By Jeffrey P. Snider
If the world is poised upon the precipice of "deflation" and the ugly economic consequences of reduced "money supply," at the middle of all that are the primary dealers - still. While it is technically correct to claim that the Fed expanded its balance sheet to $4.5 trillion, with $2.4 trillion left after autonomous factors for bank "reserves," that actually means very little without almost perfect assistance of the primary dealers. The idea of QE was that buying securities from these dealers would leave them no choice but to turn around and use some of those reserves in either money markets further on, or in outright purchasing of other risky securities. And if those reserves were further offered into money markets, such cheapening rates would spark the tide of risk taking or some forsaken "animal spirits."
Dealers, for their part, don't really make money from holding securities; in fact, no financial institution does, as the spreads are simply too thin. The wholesale world is a leveraged world, leaving leverage in all its forms as the basis of both liquidity and derivative math-as-money. We can only infer leverage available through certain opaque and imperfect windows. One of those is primary dealer holdings of UST coupons.
Conventionally, commentary assigns dealer holdings as they would any other portfolio, as speculative trade - as in recently "short" UST bonds on the expectations that the Fed would hike rates (and further, that any rate hike would actually matter for something). While that might play a role in some settings, overall it doesn't affect dealer holdings in that way. Here are the latest figures for what primary dealers reported in their coupon inventories:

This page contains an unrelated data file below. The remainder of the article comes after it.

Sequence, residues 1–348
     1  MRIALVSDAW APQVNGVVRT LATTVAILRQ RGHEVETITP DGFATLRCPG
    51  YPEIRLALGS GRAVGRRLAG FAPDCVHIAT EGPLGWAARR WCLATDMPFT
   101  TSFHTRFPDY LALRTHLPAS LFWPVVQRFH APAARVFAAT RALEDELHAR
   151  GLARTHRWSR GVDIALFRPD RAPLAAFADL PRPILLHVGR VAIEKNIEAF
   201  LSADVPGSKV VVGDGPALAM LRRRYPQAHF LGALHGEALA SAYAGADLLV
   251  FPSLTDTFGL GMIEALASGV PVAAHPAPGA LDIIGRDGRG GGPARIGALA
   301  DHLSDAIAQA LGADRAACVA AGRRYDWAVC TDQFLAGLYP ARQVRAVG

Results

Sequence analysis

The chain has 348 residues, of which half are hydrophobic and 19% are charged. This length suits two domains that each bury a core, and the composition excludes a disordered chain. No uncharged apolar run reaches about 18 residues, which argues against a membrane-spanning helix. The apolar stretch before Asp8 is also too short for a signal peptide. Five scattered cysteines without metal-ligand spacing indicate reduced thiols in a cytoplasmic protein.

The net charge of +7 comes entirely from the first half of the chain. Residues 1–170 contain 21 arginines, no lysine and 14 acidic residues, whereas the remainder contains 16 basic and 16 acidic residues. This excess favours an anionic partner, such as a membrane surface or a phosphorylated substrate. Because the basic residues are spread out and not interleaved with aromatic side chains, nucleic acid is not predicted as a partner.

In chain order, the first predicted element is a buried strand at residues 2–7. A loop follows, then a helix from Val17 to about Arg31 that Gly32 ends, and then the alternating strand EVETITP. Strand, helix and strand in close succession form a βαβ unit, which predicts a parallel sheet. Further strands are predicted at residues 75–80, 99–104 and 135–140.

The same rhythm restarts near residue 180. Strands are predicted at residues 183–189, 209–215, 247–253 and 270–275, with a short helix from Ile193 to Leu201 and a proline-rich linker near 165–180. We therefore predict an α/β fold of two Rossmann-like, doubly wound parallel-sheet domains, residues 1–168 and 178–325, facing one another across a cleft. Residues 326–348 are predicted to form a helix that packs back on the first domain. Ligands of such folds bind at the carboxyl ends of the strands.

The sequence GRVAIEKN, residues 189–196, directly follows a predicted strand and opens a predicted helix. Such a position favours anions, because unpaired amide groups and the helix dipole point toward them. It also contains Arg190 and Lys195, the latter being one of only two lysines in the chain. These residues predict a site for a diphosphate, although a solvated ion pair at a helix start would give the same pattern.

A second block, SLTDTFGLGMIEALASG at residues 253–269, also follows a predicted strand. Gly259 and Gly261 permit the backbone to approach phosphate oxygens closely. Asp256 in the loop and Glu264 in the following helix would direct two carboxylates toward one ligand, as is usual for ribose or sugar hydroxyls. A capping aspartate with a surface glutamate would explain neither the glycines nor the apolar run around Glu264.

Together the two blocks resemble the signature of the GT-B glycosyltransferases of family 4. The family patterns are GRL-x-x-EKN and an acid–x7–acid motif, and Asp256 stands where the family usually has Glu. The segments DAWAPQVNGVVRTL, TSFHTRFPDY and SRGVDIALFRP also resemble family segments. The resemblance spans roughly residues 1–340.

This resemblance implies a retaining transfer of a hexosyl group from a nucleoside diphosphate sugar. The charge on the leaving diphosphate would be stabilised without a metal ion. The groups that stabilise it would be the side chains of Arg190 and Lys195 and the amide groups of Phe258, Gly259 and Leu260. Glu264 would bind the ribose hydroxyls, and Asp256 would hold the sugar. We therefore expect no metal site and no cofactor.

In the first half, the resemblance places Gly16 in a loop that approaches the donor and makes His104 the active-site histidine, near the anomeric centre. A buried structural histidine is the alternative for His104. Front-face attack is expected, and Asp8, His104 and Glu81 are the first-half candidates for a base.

From the purely investment standpoint, it wouldn't make sense that dealers are, in the aggregate, net short the 10-year (in the 7-11 reporting bucket), but long the outer maturities. Likewise, why would dealers be net short 2-3 years, but long 2 years and less? The reasons for holding patterns like this have nothing to do with interest rates or even monetary policy as it is generally understood. These are technical factors that relate to USTs and primary dealers as major collateral conduits.
This technical patterns has prevailed even from earlier in the summer, before the general and global liquidations got underway (before July, turmoil was more intermittent and seemingly overseas).
Looking at dealer holdings in this fashion, however, clouds the collateral issue. Instead, viewing it in the aggregate (all coupons) by chronology reveals the trends of illiquidity that have been an almost constant feature for close to a decade now.
As I wrote last March, dealer holdings from this perspective allow us to calibrate dealer proclivities in terms of generalized views on wholesale liquidity:
Dealers exhibited a massive net short position in coupon UST all the way until the crisis hit... The short position indicated that dealers were extending liquid collateral into the marketplace. Thus the opposite, where dealers held less net short or even net long, meant dealers removing and "hoarding" collateral.
With that generalized view in mind, the track of dealer inventory follows spasms of illiquidity almost perfectly. The scale of the change after the panic was immense, as dealers were net short (supplying) $178 billion in coupons in the middle of July 2007 but wound up net long (hoarding) $33 billion by early April 2009 when it all finally relented (from FAS 157 changing mark-to-market). By the time of QE4, dealer's net long went as far as $100 billion, for a total systemic swing of almost $300 billion. That's a huge amount of liquid collateral that went from easily available to beyond hard to find.
What we find in January 2016 is both a replica of the sharp rise into late August 2015 and an increasing level that appears as if the conditions of 2011 might likewise be replicating. Dealers' net long position in coupons is, in the latest update, the most long since QE4 was initiated. Further, it does increasingly "feel" like something of 2011 levels of dysfunction in global liquidity, including the introduction of more financial elements in this latest wave. Going back to the middle of 2014, you can observe at least three successive waves of hoarding, each increasing in intensity.